How will my debts be paid with a debt consolidation refinance?
A cash-out refinance allows you to convert your home equity to cash in exchange for a higher loan balance. For some homeowners, tapping into equity is an effective way to finance renovations or even pay for big ticket items like college tuition or a new car. But it can also be a successful strategy for paying off outstanding debts and reducing interest costs.
If paying off your debt is a priority, you have two options. The first option is a cash out refinance in which you receive a lump sum of cash out and are responsible for taking the money and personally allocating it to the debts you want to eliminate. Let’s say you have a big credit card balance that’s subject to a high interest rate. Once you get the disbursement from your cash-out refinance, that extra liquid capital is yours to spend as you see fit. If you use it to pay off the credit card debt, you’ll most likely save more in the long run by avoiding those high interest charges.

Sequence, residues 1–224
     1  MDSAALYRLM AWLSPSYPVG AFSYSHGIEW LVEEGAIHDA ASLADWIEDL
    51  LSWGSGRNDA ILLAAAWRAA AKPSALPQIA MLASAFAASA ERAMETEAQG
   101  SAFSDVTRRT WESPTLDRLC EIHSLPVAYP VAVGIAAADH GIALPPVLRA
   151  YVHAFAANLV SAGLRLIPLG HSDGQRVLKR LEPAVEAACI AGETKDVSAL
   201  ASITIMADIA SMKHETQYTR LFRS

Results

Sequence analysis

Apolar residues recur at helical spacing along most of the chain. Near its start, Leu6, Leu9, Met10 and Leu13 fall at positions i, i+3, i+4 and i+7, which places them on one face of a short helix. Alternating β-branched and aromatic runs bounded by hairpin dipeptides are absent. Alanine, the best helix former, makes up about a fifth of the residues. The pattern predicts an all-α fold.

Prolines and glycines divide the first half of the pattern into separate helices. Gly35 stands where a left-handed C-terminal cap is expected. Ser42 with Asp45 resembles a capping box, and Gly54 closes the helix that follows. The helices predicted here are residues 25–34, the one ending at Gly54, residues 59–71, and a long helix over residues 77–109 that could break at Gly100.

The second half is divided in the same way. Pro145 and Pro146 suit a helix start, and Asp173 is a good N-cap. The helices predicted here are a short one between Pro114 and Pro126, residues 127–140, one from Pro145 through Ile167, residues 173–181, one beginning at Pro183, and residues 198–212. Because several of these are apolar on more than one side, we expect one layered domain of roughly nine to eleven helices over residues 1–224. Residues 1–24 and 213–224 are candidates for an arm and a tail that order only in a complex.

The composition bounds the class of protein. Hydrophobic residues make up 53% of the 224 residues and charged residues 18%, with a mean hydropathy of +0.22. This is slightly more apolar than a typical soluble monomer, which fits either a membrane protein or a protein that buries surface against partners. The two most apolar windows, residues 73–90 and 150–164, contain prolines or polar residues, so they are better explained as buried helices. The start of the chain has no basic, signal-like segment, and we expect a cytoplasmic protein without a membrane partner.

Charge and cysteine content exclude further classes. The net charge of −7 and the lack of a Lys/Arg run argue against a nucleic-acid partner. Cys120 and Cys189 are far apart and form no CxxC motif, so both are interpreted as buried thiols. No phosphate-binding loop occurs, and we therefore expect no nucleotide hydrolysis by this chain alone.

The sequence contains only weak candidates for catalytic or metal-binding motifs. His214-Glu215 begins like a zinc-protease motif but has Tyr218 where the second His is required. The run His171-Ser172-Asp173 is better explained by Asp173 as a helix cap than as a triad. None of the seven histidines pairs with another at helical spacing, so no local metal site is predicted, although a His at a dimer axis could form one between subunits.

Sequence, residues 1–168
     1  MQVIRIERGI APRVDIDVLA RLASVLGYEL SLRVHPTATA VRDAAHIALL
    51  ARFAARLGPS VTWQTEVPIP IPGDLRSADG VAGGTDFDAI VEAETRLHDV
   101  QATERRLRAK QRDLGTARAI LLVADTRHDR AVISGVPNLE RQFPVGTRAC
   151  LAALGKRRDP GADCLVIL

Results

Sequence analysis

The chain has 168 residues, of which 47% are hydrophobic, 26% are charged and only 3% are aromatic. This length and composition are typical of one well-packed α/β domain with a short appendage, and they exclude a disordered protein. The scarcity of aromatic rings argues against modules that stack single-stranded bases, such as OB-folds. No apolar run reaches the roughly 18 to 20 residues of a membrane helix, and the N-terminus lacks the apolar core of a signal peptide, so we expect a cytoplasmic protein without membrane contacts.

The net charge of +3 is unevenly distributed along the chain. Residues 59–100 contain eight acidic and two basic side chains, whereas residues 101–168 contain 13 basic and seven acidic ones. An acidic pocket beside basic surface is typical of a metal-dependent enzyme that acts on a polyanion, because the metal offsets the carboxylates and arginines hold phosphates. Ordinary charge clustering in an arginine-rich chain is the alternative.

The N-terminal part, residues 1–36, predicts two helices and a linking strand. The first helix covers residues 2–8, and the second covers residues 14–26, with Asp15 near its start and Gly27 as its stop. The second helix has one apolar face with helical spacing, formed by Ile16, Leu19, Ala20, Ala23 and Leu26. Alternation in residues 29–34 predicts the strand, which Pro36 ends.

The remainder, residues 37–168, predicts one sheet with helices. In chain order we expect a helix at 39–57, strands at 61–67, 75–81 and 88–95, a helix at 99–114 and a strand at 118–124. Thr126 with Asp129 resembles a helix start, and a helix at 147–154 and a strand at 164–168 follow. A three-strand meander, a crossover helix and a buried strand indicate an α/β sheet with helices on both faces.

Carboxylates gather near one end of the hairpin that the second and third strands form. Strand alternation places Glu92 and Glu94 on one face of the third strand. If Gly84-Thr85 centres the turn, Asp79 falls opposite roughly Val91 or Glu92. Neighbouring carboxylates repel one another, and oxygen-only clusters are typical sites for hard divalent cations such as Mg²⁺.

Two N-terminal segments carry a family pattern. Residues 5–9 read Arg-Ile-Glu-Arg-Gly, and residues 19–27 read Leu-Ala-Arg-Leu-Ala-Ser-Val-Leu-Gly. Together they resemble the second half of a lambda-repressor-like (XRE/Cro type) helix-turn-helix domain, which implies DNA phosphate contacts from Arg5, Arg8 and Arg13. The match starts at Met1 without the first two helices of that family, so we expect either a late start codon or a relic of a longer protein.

The second option is to do a debt consolidation. In this scenario, the exact sum of the debts you'd like to pay off will be added onto your loan amount and your lender will specifically allocate the cash to each creditor you choose. You’ll essentially be consolidating that debt into your new mortgage amount and paying whatever interest rate you locked during your refinance (likely a much more competitive number that will save you money over time) on that total sum. Note that you’ll receive individual checks from your lender made out to each of these creditors for the amount needed to pay off the account. It will then be your responsibility to forward the checks to the appropriate parties.
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